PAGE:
The AMA reminded the public that US immunization programs have controlled or eliminated diseases such as smallpox, measles, mumps, rubella, diphtheria, and polio. So far only Mississippi and West Virginia bar non-medical exemptions based on personal beliefs; the other 48 states and the District of Columbia offer various types of exemption.
"As evident from the recent measles outbreak at Disneyland, protecting community health in today's mobile society requires that policymakers not permit individuals from opting out of immunization solely as a matter of personal preference or convenience," said AMA Board of Trustees Member Patrice A. Harris, MD.
Jun 9 AMA news release
Study: Acid suppression raises risk of C difficile infection in children
A study published yesterday in Clinical Infectious Diseases suggests that treatment with acid-suppression medications significantly increases the risk of Clostridium difficile infection (CDI) in children.
CDI is an inflammatory colon disease that most often occurs in patients who are on prolonged antibiotic treatment in a healthcare facility. But the authors, from Columbia University and two other institutions, write that the infection has been increasing in children and has recently emerged as a problem in relatively healthy children without traditional risk factors.
They also say that the use of acid-suppression medications, including proton pump inhibitors (PPIs) and histamine-2 receptor antagonists (H2RAs), has increased "dramatically" during the past 10 to 15 years. The medications are a known risk factor for CDI in adults, but there is little information on acid suppression and CDI risk in children, they add.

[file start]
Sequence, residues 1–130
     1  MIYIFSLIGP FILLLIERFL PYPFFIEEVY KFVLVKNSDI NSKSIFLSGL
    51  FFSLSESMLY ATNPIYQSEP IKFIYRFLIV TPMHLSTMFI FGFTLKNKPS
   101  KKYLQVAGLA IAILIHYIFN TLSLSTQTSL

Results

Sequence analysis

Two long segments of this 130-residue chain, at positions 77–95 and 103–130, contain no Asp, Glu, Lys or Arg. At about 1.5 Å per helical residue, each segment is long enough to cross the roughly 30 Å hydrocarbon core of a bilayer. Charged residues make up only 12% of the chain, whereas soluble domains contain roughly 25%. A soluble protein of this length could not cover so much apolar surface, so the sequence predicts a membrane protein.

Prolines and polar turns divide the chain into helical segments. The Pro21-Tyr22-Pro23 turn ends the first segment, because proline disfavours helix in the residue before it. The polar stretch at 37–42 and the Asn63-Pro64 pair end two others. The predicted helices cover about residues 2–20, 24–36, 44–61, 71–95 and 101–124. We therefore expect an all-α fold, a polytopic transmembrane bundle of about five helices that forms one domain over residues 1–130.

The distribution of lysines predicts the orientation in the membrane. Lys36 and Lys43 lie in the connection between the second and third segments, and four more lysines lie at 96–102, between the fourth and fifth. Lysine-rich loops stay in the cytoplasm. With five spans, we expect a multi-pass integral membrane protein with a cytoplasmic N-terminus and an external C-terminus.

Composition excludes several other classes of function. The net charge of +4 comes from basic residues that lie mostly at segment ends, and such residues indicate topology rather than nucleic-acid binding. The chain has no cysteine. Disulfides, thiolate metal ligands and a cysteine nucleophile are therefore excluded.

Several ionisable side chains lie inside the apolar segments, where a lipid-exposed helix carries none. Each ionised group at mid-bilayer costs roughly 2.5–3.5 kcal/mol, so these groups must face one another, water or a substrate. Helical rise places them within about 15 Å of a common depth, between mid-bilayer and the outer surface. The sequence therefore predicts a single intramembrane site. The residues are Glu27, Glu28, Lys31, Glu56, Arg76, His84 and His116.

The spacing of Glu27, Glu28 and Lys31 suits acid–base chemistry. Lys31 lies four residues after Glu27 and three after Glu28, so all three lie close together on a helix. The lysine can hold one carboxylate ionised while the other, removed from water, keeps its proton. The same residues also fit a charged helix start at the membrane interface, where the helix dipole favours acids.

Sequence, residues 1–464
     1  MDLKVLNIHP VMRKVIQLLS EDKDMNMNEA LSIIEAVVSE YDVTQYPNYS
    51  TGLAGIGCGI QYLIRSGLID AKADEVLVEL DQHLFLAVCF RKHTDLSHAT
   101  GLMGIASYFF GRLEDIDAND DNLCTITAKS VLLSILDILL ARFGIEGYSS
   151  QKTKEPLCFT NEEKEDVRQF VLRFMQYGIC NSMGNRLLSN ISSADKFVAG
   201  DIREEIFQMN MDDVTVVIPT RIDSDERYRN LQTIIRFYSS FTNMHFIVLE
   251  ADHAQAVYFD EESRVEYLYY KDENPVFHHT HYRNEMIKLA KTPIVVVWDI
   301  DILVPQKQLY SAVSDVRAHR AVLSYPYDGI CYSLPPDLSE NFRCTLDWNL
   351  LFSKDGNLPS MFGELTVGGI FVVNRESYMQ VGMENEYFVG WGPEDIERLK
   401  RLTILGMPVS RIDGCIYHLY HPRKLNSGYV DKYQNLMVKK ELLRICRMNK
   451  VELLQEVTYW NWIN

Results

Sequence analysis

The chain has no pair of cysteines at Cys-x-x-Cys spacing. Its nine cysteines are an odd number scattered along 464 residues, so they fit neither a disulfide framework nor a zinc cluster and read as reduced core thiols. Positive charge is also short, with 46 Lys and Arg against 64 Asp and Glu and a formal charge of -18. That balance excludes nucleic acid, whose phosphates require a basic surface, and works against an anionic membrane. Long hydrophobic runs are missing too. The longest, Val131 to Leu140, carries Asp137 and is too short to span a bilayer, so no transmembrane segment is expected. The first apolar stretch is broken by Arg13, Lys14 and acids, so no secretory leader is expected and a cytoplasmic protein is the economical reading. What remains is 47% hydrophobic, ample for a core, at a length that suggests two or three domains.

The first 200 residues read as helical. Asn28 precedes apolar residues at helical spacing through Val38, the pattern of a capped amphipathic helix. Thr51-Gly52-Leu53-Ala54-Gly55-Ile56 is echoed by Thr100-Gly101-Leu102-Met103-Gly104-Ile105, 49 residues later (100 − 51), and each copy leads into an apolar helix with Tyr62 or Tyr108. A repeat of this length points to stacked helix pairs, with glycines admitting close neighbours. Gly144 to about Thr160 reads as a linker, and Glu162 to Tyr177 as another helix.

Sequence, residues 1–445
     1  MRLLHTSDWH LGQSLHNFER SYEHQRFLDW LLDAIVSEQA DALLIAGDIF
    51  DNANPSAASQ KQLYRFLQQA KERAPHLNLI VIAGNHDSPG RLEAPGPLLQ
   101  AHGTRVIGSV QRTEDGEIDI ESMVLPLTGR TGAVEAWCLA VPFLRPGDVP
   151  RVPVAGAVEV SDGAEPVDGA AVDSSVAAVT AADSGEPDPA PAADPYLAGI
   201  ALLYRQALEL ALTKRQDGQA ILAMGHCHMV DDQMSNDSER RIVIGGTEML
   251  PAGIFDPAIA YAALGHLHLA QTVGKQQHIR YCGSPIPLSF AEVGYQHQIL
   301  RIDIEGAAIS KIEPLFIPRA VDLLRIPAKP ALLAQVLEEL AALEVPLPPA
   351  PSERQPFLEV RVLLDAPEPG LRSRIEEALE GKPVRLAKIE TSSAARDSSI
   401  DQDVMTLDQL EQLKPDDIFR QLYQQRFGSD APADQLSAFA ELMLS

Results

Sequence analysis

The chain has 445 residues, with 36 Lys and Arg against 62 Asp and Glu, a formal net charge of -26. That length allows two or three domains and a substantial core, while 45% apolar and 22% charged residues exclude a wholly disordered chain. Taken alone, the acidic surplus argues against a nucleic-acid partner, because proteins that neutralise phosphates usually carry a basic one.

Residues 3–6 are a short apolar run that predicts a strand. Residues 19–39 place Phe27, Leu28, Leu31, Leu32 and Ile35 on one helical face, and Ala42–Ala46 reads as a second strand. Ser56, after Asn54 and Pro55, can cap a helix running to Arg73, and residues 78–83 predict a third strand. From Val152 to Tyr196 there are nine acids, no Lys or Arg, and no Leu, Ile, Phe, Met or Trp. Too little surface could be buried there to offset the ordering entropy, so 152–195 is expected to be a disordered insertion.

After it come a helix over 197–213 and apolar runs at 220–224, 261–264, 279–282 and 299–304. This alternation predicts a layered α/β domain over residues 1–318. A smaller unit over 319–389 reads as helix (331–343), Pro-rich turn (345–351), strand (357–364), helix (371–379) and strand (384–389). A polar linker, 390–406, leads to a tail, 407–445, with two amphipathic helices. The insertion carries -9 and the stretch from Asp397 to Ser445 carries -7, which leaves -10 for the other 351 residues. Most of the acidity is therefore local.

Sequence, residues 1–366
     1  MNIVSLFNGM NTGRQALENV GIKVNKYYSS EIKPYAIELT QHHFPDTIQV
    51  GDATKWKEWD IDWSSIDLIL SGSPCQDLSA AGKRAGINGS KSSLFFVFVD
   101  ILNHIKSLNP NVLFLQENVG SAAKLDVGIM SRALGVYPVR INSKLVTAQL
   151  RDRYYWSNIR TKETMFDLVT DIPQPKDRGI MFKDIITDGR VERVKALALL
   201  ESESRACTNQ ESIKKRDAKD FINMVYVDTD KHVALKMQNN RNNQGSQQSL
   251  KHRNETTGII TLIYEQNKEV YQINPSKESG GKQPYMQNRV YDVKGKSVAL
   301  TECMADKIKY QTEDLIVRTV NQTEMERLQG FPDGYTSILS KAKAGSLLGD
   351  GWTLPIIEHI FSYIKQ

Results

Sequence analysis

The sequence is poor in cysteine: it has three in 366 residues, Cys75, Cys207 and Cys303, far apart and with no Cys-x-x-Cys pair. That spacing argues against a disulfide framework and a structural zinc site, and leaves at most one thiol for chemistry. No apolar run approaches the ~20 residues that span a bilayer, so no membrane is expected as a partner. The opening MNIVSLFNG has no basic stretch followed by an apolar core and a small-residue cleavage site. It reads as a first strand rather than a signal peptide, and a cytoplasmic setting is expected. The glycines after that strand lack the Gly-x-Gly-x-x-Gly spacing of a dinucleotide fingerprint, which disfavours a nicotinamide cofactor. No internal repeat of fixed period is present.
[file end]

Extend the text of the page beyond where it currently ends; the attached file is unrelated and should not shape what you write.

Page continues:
The team conducted a case-control study using data collected from 1995 to 2014 in The Health Improvement Network (THIN), a collection of electronic medical records maintained by general practitioners in the United Kingdom, with data for more than 13 million people.
The study included patients 0 to 17 years old with records on at least three medical visits or a year of follow-up time. Those who had CDI were matched with up to five controls each by age, sex, THIN practice, time of entry into the dataset, and follow-up time. The main exposure variable was defined as use of PPIs or H2RAs within 90 days of (and starting at least 8 days before) the date of CDI diagnosis.
The authors identified 650 CDI patients and 3,200 controls. They found a more than sevenfold increase in the risk of CDI in children who received the medications, with an adjusted odds ratio (OR) of 7.66 (95% confidence interval, 3.24-18.1). The increase in risk was greater in children 1 to 17 years old than in infants less 1 year. Also, the risk was significantly higher with PPIs than with H2RAs and with shorter intervals between medication use and CDI diagnosis.
"Acid suppression medication was associated with CDI in infants and children in the outpatient setting, with an effect based on medication timing," the authors conclude. "Increased risk for CDI should be factored into the decision to use acid suppression medication in children."
Jun 9 Clin Infect Dis abstract, with link to free full text
Zika virus cases in Brazil prompt CDC travel alert
Travelers to Brazil should take steps to protect themselves from mosquito bites in view of the recent detection of locally transmitted Zika virus infections there, the Centers for Disease Control and Prevention (CDC) said yesterday.
In a Level 1 travel alert, the CDC noted that Brazil on May 14 confirmed 16 locally transmitted cases of the mosquito-borne disease, becoming the first country in the Americas to report the illness. It resembles dengue virus infection but is generally milder and is not known to be fatal.
The CDC said travelers should take standard precautions to prevent mosquito bites, including using repellents and sleeping in screened or air-conditioned rooms or using a bed net if sleeping outside.